Home sweet home

Extension of tax credit deadline helps some with signed contracts

July 25, 2010|By ARNOLD PLATOU
  • Rustin Riss and his wife, Doreen, are having a home built in Westfields, a development off Md. 65 south of Hagerstown. They are among thousands across the nation who will benefit from legislation signed July 2 to extend the deadline for home buyers to qualify for federal tax credits.
By Ric Dugan/Staff Photographer,

HAGERSTOWN -- Rustin and Doreen Riss are building the home of their dreams near Hagerstown, but until about three weeks ago, the decision had a disappointing side.

Then, with the stroke of President Obama's pen, the couple and thousands of other home buyers across the nation have been given a reprieve -- and eventually, a windfall amounting to thousands of dollars.

"It's a nice little surprise," Rustin Riss said.

"Yes, I mean who's not happy with 6,500 bucks?" Doreen said. "That's an unexpected 6,500 bucks."

Obama on July 2 signed legislation that Congress passed to extend the deadline for home buyers to qualify for federal tax credits. First-time home buyers can qualify for up to $8,000 and homeowners, who are selling theirs and buying another home, can get up to $6,500.

The credit is equal to 10 percent of the home's purchase price up to the maximums of $6,500 and $8,000.


The new legislation doesn't help people who still are looking for a house to buy.

Rather, it applies only to sales contracts signed by first-time home buyers between Jan. 1, 2009, and April 30, 2010. And it applies only to contracts signed by repeat buyers from Nov. 7, 2009, to April 30, 2010.

Before the new law was signed, those deals had to go to settlement by June 30 to qualify for the tax credits.

Now, the deadline for settlement is Sept. 30.

The new law "provides an additional three months for home builders and lenders to complete construction and backlogged paperwork in order for home buyers to close on the home and still receive the tax credit," the National Association of Home Builders (NAHB) says on its website at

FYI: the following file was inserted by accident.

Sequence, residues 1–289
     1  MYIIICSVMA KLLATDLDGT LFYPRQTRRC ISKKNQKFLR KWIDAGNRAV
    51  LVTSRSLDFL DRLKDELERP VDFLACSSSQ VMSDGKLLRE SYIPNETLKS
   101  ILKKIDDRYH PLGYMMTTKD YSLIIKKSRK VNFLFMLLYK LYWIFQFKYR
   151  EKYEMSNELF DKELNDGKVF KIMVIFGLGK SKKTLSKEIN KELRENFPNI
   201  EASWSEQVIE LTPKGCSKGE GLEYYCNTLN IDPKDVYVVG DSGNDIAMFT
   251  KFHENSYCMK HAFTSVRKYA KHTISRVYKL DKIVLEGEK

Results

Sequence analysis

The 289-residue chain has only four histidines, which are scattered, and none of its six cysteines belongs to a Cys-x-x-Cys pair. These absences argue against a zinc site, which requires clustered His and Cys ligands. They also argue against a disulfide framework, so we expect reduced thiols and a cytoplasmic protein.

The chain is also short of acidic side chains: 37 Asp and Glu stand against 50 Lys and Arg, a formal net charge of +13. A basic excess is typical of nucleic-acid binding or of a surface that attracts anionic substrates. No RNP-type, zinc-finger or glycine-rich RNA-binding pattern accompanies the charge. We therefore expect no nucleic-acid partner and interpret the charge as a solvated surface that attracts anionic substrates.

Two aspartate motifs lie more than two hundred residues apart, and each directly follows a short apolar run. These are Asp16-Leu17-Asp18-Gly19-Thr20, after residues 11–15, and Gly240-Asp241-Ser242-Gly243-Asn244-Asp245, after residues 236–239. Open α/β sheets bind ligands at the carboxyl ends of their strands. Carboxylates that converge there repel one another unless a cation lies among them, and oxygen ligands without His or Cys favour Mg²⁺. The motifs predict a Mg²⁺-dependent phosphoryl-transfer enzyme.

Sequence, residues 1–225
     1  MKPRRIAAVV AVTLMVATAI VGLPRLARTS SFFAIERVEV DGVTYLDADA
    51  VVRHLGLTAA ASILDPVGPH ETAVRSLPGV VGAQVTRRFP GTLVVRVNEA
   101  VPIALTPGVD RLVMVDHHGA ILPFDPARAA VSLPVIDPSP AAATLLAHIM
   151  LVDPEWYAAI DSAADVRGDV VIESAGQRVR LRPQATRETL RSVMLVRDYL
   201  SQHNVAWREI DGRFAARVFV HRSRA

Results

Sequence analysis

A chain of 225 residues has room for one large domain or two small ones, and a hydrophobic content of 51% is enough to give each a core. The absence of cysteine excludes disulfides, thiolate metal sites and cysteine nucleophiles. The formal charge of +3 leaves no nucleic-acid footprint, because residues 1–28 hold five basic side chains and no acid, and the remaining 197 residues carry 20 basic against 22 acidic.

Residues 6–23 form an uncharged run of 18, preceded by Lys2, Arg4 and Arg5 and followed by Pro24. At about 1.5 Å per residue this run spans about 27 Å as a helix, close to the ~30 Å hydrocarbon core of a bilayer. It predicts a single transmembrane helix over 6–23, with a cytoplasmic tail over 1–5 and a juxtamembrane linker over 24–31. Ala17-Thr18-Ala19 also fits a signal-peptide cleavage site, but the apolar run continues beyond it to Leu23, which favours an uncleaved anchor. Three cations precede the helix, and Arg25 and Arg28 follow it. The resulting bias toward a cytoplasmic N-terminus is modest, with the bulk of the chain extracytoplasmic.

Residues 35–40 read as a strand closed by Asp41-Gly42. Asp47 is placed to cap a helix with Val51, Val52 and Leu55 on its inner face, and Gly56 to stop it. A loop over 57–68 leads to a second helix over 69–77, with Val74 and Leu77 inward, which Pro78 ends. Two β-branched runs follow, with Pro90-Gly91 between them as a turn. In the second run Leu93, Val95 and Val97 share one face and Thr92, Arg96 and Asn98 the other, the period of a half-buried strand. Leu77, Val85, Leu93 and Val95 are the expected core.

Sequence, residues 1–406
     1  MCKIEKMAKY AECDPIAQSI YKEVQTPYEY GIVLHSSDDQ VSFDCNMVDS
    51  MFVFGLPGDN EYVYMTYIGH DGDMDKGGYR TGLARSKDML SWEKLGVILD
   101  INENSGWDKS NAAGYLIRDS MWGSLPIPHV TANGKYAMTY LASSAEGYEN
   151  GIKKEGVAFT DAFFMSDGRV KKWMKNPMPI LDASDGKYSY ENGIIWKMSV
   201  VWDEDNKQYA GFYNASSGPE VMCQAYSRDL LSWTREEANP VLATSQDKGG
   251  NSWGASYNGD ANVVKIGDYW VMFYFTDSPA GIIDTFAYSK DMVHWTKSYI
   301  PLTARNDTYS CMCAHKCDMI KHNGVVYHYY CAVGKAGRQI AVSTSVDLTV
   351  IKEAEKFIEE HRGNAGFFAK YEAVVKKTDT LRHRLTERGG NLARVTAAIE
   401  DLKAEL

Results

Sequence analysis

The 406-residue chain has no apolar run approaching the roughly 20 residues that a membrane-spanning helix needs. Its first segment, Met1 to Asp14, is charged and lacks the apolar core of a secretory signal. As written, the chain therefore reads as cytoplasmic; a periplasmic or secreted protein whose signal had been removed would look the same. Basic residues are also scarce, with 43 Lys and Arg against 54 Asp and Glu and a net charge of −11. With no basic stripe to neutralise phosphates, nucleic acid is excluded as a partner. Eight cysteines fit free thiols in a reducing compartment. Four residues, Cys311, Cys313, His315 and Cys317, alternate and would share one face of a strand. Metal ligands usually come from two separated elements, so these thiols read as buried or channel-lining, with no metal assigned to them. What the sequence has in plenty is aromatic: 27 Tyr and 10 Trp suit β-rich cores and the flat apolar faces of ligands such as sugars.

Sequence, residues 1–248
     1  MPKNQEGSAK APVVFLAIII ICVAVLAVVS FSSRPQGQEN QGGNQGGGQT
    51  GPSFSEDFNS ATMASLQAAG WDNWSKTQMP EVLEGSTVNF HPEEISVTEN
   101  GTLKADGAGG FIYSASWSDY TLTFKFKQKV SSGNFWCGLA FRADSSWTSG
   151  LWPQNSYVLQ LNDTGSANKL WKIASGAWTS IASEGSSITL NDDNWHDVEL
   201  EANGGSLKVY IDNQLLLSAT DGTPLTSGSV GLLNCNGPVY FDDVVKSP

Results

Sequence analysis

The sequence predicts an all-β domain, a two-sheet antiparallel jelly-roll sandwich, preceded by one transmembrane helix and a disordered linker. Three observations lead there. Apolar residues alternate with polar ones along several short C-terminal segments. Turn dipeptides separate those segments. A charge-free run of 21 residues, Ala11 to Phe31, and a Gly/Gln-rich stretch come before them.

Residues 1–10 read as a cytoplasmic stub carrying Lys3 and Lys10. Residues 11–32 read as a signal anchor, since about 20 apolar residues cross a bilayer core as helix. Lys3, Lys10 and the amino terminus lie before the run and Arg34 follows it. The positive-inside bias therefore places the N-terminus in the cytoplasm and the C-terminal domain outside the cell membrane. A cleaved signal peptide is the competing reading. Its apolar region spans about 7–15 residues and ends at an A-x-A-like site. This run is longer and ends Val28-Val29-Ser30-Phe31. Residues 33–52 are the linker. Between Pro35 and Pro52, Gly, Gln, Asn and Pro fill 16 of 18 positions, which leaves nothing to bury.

Thus far, the tax credit program -- designed to stimulate the economy -- has drawn claims from more than 3 million home buyers for a total tax savings of more than $21 billion, the NAHB said.

"The extension will help thousands of otherwise qualified home buyers claim the credit for sales that weren't able to close in time due to conditions beyond the buyer's control," NAHB said.

Making a move

By last year, Rustin and Doreen Riss had lived in their two-story, three-bedroom house in Brighton, Colo., for more than six years.

The community is a "cute little suburb just north of Denver," said Doreen Riss, 42, an artist who specializes in painting wall murals.

Rustin Riss, 37, a power generator technician, remembers the effect the recession already was having on their community.

"I think in our neighborhood, our subdivision, there were probably, oh easily, 15 to 20 foreclosed houses," he said.

Having two young daughters, the couple decided it was time to move to the East Coast. Years before, Doreen Riss earned a degree in art and psychology from Salisbury State University on Maryland's Eastern Shore.

So they thought of Maryland, intent on "finding an affordable place, with the city influence, but not with the hustle and bustle thereof," Doreen Riss said.

Hagerstown seemed to be the place.

The move hit some bumps, but the couple has managed, even though it's meant they've had to live in different states for several months.

Rustin Riss had to move from Colorado to Germantown, Md., after he accepted a job working on backup electrical generation systems for a Maryland company last November. With their house on the market, Doreen stayed in Colorado until it was sold in February.

Then, they went house hunting in Washington County, hoping to buy an existing house and move in quickly.

All the while, they knew they wanted to sign a contract before April 30 so they could qualify for the $6,500 tax credit.

A painful decision

Everything seemed to be going according to plan.

"We wanted to sell our home first so we'd be a ready home buyer with no contingency, with cash in hand," Doreen Riss said. "We thought, 'Hopefully, within that time frame, by April 30, hopefully, great, we'll make our deadline.'"

But the foreclosed and short-sale properties they focused on here, hoping to save money, needed a lot of work, she said.

What they saw were houses that were "pretty beat up. Carpets needed to be changed, floors were beat up. It wasn't exactly the flooring we would have chosen. It wasn't the appliances we would have chosen. To rebuild the deck, do the paint, it wouldn't have been worth it," she said.

So the couple made a financially painful decision.

"When we didn't find our dream home built and standing and existing, then we went for new. And we figured we'd kissed the tax credit goodbye" because of the time it would take to build a new house, Doreen Riss said.

"Was it a devastating blow?" she asked. "Who wants to say goodbye to $6,500?"

The couple found the location and the home plans they were looking for in the newer community of Westfields, a development off Md. 65 south of Hagerstown. On April 1, they signed a contract with Ryan Homes Inc. to build a house on Lot 152 there.

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